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If you have a Traxxas RC car you might want to change from one battery type to another. LiPo batteries provide more power but are also considerably more expensive than NiMH and are more difficult to charge.
How you would change your Traxxas RC car from LiPo to NiMH would depend on which Lipo and NimH batteries you’re looking to switch between. It would also depend on the cutoff voltage settings on your controller (ESC). If the cutoff is set to LiPo Low then what it will detect will be an 8 cell NiMH as 3S Lipo, and cut off at 8.55V.
This is 1.07V/cell, and what it means is that you won’t quite get the full capacity out of your NiMH pack. If the cutoff is set to NiMH High then with 3S Lipo it will cut off at at 8.1V (65% of 12.5V) which typically puts you at a risk of over-discharging the LiPo.
There’s nothing to stop you from using the same settings for both, as long as you understand the limitations of doing that. So, read your manual carefully. If you ensure that your batteries are fully charged all the time before use and if you time your flights to avoid going into cutoff, which is always a good idea, then you can set the ESC to NiMH High and it will be just great for both your Lipo and NiMH.
To see how to change from LiPo to NiMH mode on a Traxxas RC car you can check out the video below.
Differences Between NiMH and LiPo Batteries
The most significant difference between NiMH and LiPo batteries is the chemical properties that make it possible for the batteries to charge. NiMH (Nickel-metal hybrid) makes use of nickel-based technology while LiPo (Lithium Polymer) batteries make use of a lithium-ion technology.
Speaking of what these two types of batteries have in common, both battery types store a certain amount of energy depending on their capacity. Batteries could be manufactured with different voltages and capacities by the installation of battery cells in series or parallels inside the battery pack.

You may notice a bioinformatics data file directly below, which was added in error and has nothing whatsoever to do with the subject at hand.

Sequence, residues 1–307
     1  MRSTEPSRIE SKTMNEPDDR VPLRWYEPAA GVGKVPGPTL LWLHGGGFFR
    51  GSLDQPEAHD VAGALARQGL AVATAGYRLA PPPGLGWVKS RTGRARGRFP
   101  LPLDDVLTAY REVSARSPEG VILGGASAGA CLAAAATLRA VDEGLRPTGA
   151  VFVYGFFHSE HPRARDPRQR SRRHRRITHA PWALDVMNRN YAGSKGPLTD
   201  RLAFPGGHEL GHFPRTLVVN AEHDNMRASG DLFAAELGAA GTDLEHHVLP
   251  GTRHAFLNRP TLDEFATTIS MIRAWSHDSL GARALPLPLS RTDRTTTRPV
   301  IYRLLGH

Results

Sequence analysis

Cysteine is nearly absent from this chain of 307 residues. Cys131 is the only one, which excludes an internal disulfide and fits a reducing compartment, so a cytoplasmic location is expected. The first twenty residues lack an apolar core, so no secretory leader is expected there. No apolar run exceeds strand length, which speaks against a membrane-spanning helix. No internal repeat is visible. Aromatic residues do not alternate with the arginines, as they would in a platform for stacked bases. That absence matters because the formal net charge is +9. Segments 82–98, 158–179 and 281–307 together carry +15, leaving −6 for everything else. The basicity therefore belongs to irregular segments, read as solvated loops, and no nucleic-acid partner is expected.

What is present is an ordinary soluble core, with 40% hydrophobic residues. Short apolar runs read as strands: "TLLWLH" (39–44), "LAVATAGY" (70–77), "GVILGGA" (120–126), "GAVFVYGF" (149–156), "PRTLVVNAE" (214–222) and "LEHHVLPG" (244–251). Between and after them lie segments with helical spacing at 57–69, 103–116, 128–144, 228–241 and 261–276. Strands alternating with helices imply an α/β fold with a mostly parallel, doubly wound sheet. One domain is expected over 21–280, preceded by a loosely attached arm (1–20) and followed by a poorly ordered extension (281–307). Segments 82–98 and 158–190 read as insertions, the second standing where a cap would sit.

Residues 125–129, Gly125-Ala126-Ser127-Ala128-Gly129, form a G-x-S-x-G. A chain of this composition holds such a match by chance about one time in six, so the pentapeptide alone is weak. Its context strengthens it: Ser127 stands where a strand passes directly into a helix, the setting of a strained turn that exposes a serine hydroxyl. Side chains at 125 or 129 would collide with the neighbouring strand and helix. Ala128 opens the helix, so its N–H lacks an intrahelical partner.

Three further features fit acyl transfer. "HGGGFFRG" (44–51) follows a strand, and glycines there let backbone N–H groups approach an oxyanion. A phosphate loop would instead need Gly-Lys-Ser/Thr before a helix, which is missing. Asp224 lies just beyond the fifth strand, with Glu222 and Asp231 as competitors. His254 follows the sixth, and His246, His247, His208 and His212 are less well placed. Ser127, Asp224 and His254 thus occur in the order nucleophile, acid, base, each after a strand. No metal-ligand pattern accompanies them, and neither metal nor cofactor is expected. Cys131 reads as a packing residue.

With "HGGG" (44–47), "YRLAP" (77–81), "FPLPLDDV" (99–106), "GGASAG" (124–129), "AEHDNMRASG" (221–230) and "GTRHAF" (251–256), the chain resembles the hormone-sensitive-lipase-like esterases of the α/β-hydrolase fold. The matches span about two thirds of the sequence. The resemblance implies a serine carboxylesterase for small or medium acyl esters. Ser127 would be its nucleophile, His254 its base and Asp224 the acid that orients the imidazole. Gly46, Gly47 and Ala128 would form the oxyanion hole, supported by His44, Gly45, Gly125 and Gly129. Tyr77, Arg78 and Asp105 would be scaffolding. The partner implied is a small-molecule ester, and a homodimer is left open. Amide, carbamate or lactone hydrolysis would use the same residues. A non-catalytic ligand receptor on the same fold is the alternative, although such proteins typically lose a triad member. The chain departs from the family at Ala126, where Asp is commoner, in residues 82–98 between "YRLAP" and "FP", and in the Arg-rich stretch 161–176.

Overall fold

Dropping the batteries or damaging the cases of the battery cells can result in a short circuit so it is important to be very careful with them no matter which type you have. When you are throwing away each battery, each of these battery types needs to be disposed of properly to avoid having any issues.
The two battery types are very different in their properties and their uses.
NiMH batteries are typically a lot easier to use than LiPos. Keep in mind that NiMH batteries must be fully discharged before charging and they must be charged fully before they’re stored unless the manufacturer states otherwise which may be the case with Traxxas.
NiMH battery chargers are equally very easy to use.
LiPo batteries, on the other hand, don’t need to be fully discharged and they have to be stored with a 50−70% charge level. LiPo batteries also have to be charged with balanced charging. For safety purposes, it is best to charge and store LiPo batteries in a LiPo safe bag.
What You Need to Know About NiMH Batteries
- It offers easy and worry-free charging and storing which makes it the safer option for beginners.
- It has a rated cell voltage of 1.2V.
- It has to be fully discharged before it is charged. Also keep in mind that you should fully discharge the battery in order to make sure that the full battery capacity is kept available.
- They have to be stored fully charged unless the manufacturer states otherwise.
- The batteries are made with standard sized cells with metal cases